• Different browsers when logging into the accounts
      • IPs geolocated to different locations
      • IP quality - (Ex: data center proxies vs. residential proxies -- https://www.iplocation.net/proxy-check)
      • User behavior - does the user act like a robot or a human (if you're actually a human this is less relevant)
      • Use settings/preferences
      • User account age
      • Etc.

    Among other things, yes. If you have profitable YouTube accounts, for example, and you made those from the IP address 170.28.55.199 (or whatever), then if you make a new YouTube account from the same 170.28.55.199 IP address, YouTube will be able to tell that they are associated (or at least strongly suspect that they are associated). If one of those accounts starts violating the YouTube TOS and gets banned, YouTube may then either automatically ban the other one or at least put a red flag on that account to be scrutinized more heavily.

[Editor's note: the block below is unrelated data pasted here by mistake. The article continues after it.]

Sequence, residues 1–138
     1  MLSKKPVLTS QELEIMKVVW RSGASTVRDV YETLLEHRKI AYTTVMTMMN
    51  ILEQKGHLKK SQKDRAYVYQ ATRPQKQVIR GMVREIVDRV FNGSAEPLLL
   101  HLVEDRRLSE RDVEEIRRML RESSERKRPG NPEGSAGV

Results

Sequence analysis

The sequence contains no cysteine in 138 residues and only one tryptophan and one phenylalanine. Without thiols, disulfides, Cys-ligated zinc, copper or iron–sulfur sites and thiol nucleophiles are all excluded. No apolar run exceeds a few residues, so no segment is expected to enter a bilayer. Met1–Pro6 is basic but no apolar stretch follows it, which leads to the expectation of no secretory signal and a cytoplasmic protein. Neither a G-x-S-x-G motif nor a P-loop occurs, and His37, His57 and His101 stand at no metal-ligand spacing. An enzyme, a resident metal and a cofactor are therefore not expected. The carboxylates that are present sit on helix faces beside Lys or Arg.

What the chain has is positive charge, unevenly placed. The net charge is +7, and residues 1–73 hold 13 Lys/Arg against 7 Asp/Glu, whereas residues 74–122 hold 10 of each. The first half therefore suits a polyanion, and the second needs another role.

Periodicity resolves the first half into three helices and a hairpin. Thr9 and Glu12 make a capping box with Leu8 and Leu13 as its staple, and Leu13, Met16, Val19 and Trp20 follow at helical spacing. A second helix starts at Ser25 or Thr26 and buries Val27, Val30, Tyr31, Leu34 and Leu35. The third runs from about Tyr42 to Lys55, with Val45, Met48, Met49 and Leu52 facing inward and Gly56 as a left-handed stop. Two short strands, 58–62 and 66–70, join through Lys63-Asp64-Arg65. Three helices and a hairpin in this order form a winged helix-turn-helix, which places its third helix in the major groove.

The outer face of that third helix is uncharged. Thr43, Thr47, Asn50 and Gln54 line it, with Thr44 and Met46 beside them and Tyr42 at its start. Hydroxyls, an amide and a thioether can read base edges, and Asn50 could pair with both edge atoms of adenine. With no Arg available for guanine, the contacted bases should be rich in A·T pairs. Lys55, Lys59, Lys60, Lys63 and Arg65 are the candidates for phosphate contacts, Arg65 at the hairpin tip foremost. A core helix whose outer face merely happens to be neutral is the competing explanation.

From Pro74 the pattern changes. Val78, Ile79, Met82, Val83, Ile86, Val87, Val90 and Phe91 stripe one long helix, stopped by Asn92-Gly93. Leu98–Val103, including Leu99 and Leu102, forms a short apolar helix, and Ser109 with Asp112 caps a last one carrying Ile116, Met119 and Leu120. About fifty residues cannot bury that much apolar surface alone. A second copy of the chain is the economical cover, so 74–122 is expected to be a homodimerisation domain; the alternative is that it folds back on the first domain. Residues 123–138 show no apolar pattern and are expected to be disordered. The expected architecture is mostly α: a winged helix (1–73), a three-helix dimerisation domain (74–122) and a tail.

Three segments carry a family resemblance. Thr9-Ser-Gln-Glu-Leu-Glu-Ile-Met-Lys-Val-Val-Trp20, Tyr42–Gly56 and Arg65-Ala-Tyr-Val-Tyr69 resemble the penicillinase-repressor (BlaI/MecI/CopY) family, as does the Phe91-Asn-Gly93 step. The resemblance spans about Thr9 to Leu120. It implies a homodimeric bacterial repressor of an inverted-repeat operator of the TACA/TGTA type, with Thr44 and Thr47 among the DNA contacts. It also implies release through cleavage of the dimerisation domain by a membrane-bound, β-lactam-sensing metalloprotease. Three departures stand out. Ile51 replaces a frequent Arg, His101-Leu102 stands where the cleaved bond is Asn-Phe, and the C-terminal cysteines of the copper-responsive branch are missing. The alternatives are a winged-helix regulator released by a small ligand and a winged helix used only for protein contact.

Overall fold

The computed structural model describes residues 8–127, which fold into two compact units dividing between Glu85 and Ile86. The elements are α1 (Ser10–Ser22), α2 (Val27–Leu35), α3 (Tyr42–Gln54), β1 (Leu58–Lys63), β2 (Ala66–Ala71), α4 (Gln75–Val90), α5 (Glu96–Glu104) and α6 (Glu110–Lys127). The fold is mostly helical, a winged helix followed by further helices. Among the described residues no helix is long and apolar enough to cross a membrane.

Probably. As in your home IP address? Yes, it generally does not change. You can check your current IP address here:
    https://www.google.com/search?q=wha...9j69i65j0l4.2903j1j7&sourceid=chrome&ie=UTF-8

    It should be noted that you may have logged into those YouTube/other accounts from multiple IPs, though. For example, if you connected to your YouTube account from your phone's data plan, then that would be a different IP address. Phone using your home wifi network would be the same IP. IP is the wireless connection, not the device used to connect.

    That would mean that your IP changes regularly. That happens sometimes with, for example, the IP that you're using when you connect to a phone's data plan / 4G network.

    These threads explain the difference between proxies/VPNs pretty well:
    https://www.quora.com/What-is-the-difference-between-a-proxy-and-a-VPN
    https://www.blackhatworld.com/seo/what-is-difference-in-using-proxies-vs-vpn.875795/

    Yes, you would be getting access to a new IP. Location varies. Ask the seller or see what the specify in their thread. Lower-quality data-center proxies are generally from an assortment of major cities (Chicago, Dallas, etc.). Many sellers offer geotargeted proxies. If you want/need those, you might look for those specifically.